Next, the Ninth Circuit turned to the Plaintiffs’ argument that because the public has used “googling” as a verb, it was no longer subject to protection.  The Ninth Circuit rejected this argument, finding that the use of an otherwise protected mark as a verb does not automatically render it generic.  The Court concluded that Congress, in amending the Lanham Act, specifically acknowledged that a protected mark may be used as both the name for a product, i.e., as a noun, and yet also used with a specific source in mind, i.e., an adjective.  The Ninth Circuit cited a prior case involving Coca-Cola’s trademarks in which it rejected a claim that customers ordering a “coke” were not necessarily referring to a Coca-Cola product.

The Ninth Circuit spoke approvingly of the District Court’s analysis in this regard by referring to both “discriminate verbs” and “indiscriminate verbs” in order to evaluate Plaintiffs’ claims.  The Court had reasoned that a speaker might use “google” in both an indiscriminate sense, i.e., using “googling” to refer to an internet search without regard to the search engine, as well as other times using it in the determinate sense, i.e., using “Google” meaning to search the internet using the Google search engine.  The Ninth Circuit concluded that the District Court properly found that the primary significance of the word “Google” was whether the relevant public related it to the specific search engine as opposed to the more of the generic internet searching term.

In conducting this inquiry, the Ninth Circuit found that the lower court properly concluded that Plaintiff had not met his burden of establishing the genericness of Google.  The Court noted that the Plaintiffs’ bore the burden of proving genericide by a preponderance of the evidence because they were the ones seeking cancellation of the GOOGLE trademark.  Thus, they were required “to identify sufficient evidence to support a jury finding that the primary significance of the word ‘google’ to the relevant public is as a name for internet search engines generally and not as a mark identifying the google search engine in particular.” Here, the lower court had rejected two of the three surveys conducted by Plaintiffs as being unreliable.  The District Court did accept a third survey, which used but was described as the “thermos” study in which a survey respondent was asked: “If you were going to ask a friend to search for something on the internet, what word or phrase would you use to tell him/her what you want him/her to do?” more than half the respondents used the term “google.”  The Court concluded, however, that this evidence did not go any further other than allowing a favorable inference to be drawn that google had both a determinate and indeterminate use.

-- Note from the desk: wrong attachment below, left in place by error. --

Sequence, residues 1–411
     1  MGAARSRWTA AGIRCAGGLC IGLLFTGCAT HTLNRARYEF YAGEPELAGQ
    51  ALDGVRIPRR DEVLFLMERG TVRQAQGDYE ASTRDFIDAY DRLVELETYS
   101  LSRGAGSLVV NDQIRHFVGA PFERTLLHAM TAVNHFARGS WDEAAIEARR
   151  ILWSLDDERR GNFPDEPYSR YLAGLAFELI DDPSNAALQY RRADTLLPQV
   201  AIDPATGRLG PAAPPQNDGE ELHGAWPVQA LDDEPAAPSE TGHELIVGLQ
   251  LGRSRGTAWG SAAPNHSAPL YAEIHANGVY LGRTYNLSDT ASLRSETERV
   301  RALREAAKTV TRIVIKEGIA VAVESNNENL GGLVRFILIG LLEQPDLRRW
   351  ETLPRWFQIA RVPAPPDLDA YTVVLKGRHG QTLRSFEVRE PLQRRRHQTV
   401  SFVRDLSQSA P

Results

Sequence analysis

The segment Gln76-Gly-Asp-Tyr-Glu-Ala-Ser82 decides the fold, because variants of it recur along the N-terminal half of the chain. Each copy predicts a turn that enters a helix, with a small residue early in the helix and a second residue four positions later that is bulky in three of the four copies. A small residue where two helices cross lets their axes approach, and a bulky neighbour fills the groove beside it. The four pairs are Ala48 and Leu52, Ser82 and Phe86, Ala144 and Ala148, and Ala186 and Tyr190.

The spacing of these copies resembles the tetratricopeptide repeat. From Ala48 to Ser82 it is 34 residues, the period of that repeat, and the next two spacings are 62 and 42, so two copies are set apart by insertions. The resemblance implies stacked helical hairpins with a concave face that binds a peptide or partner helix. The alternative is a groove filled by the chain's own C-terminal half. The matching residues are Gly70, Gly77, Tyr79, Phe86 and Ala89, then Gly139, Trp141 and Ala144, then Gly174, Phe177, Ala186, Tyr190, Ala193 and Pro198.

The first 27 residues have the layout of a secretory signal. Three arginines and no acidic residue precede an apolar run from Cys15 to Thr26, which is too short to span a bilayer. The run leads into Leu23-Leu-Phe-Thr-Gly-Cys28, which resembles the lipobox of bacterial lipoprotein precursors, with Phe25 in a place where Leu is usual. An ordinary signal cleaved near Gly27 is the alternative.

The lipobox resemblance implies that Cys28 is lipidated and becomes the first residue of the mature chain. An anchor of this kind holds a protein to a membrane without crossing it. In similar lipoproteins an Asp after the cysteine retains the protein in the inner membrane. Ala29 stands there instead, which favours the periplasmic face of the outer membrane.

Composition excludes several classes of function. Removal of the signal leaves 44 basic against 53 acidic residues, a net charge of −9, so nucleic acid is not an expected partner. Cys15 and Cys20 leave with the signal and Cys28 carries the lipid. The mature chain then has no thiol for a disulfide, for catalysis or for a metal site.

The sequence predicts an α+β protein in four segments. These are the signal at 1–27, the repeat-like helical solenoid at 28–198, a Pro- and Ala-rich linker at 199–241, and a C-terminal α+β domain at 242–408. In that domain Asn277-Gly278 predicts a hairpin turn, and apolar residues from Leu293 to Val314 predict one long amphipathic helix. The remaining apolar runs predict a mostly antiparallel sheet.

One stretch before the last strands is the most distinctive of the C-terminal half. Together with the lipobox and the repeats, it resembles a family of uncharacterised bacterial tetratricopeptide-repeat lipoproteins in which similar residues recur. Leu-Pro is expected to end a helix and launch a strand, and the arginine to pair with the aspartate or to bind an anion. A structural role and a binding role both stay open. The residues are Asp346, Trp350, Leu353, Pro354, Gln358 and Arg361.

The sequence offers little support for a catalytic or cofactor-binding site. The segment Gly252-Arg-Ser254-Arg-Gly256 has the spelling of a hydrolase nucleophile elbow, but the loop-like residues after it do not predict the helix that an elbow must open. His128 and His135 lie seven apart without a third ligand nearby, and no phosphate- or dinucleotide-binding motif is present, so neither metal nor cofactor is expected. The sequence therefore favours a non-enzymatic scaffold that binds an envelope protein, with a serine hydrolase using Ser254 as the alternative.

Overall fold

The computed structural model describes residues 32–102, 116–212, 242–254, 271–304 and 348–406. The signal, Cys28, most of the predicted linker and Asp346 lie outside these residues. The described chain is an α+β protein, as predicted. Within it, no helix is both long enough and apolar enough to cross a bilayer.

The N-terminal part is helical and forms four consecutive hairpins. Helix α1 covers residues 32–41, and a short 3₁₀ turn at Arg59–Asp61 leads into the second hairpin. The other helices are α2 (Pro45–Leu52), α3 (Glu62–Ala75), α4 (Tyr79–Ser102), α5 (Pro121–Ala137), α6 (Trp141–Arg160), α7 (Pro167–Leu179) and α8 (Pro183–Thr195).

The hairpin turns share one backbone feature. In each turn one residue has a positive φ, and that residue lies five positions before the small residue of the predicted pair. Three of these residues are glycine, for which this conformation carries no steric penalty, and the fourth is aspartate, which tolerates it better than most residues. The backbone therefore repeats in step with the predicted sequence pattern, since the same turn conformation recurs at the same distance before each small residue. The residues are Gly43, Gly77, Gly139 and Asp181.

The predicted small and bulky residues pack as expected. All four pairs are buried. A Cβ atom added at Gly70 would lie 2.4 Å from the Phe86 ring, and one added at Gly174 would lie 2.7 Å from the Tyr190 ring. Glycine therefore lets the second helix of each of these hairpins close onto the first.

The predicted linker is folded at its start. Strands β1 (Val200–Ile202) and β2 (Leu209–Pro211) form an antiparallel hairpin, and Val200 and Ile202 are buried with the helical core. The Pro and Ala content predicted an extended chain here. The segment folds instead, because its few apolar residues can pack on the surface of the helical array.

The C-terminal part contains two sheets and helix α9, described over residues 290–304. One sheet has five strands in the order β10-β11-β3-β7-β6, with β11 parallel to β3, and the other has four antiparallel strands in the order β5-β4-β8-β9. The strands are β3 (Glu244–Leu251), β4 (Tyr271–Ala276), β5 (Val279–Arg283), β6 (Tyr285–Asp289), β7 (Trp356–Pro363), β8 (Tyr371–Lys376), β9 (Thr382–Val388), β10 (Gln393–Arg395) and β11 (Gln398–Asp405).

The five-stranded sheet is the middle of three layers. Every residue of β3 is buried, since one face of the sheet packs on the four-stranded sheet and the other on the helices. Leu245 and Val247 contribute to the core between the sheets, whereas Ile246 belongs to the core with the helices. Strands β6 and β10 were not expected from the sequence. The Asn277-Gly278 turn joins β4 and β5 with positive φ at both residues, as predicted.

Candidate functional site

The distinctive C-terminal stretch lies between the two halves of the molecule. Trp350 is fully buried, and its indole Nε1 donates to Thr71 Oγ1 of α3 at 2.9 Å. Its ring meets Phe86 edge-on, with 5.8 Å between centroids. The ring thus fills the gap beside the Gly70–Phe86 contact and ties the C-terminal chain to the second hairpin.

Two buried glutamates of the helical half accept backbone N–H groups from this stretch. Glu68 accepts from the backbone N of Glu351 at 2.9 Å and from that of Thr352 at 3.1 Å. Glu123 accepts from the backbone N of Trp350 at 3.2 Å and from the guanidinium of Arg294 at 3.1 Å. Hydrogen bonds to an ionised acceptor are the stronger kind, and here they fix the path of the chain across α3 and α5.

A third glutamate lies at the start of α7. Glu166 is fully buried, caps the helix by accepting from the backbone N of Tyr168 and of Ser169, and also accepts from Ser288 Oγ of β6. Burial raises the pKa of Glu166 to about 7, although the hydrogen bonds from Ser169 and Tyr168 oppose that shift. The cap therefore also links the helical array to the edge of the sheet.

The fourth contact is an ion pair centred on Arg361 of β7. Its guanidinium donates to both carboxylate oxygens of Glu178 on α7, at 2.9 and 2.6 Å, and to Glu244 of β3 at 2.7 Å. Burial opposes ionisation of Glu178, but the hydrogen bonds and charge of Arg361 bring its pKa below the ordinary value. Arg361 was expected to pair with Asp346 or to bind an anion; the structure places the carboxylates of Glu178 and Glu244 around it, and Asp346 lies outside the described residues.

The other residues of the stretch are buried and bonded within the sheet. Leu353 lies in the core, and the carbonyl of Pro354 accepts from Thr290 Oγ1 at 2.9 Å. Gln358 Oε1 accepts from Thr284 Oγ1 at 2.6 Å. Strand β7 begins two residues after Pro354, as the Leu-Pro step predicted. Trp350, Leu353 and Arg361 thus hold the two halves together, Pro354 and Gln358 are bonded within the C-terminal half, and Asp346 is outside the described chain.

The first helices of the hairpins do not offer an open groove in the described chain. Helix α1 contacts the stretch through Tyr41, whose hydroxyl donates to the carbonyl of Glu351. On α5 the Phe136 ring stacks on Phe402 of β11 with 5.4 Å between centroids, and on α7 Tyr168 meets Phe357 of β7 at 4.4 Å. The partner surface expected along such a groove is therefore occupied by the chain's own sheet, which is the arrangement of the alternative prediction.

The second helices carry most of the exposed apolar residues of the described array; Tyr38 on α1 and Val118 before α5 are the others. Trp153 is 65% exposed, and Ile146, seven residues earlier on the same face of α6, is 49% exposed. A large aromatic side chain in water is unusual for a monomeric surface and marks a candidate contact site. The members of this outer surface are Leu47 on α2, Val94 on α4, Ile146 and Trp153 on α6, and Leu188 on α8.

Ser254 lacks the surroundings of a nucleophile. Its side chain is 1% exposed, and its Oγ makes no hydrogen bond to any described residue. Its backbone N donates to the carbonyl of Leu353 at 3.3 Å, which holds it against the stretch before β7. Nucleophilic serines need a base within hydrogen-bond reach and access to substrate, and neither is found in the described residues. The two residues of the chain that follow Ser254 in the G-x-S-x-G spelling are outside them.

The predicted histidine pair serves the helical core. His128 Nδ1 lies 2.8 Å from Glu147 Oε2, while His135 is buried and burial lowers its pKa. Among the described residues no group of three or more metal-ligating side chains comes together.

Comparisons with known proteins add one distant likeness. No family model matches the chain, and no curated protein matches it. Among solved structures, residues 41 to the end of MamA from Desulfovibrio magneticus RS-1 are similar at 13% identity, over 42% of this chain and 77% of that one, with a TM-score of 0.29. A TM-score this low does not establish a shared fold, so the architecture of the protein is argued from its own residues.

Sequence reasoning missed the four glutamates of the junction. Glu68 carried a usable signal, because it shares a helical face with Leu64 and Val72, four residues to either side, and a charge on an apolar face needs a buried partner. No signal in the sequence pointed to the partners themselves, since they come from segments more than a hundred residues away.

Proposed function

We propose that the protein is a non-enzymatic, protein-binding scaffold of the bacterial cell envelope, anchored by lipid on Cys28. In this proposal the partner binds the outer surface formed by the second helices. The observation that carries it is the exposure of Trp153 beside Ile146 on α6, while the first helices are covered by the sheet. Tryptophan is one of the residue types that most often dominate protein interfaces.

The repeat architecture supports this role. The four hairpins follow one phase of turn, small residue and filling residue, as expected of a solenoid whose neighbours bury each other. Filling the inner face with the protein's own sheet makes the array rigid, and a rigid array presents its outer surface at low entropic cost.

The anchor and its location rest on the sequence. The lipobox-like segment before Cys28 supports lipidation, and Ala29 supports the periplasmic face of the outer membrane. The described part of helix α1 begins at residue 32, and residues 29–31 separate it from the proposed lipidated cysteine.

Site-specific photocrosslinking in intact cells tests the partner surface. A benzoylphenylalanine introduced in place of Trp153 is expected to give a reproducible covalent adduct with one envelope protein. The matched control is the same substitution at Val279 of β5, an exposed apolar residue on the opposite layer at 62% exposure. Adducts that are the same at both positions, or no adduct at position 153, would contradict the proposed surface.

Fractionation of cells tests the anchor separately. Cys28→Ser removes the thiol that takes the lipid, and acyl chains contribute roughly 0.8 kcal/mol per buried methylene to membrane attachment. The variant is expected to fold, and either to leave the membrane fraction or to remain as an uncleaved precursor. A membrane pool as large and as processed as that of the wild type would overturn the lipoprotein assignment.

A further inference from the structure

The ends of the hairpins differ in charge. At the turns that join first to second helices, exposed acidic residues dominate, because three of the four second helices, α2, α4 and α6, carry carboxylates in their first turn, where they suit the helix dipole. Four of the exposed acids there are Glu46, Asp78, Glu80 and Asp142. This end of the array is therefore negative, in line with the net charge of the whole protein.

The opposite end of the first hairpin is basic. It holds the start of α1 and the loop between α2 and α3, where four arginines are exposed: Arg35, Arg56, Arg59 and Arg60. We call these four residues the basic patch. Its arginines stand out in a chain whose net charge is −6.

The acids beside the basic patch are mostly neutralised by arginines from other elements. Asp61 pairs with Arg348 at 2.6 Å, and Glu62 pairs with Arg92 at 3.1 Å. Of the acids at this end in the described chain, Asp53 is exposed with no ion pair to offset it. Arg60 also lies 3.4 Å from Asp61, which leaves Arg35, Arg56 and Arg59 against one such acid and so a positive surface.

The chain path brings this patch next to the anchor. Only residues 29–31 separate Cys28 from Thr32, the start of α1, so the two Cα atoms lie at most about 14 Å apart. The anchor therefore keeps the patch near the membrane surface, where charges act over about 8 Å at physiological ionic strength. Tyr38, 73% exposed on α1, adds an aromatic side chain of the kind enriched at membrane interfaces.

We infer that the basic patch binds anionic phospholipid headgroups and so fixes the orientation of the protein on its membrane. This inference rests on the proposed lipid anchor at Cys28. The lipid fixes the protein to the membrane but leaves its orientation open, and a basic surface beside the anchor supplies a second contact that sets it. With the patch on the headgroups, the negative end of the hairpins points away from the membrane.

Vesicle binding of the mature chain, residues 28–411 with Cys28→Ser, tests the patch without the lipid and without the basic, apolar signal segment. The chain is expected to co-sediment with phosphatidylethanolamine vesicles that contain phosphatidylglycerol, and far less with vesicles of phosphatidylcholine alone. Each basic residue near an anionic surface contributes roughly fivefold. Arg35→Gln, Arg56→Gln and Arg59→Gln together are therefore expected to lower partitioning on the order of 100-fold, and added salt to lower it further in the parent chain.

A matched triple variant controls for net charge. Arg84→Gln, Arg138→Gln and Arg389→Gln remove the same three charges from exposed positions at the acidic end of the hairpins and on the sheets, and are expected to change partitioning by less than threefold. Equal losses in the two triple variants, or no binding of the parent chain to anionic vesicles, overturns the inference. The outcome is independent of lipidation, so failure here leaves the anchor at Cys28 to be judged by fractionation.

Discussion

Plaintiffs attempted to offer evidence concerning dictionary definitions of the term “google” but the Court again found this evidence insufficient given that the definitions referred to both the Google search engine and did nothing more than support the favorable inference already drawn by the District Court.

Finally, Plaintiffs argued that there was no other term to be used to describe the act of “googling,” which was rejected by the Court.  The Ninth Circuit rejected this finding that not a single competitor of Google’s referred to their search engine as “a google.” In short, the Ninth Circuit found that most of the evidence submitted by Plaintiffs to avoid summary judgment was irrelevant to the primary inquiry and affirmed the lower court’s granting of summary judgment in Google’s favor.

For now, it appears that Google’s trademark is safe.  However, give it time and how the public comes to view the term “google,” a court could revisit this issue in the future.

DISCLAIMER: Because of the generality of this update, the information provided herein may not be applicable in all situations and should not be acted upon without specific legal advice based on particular situations.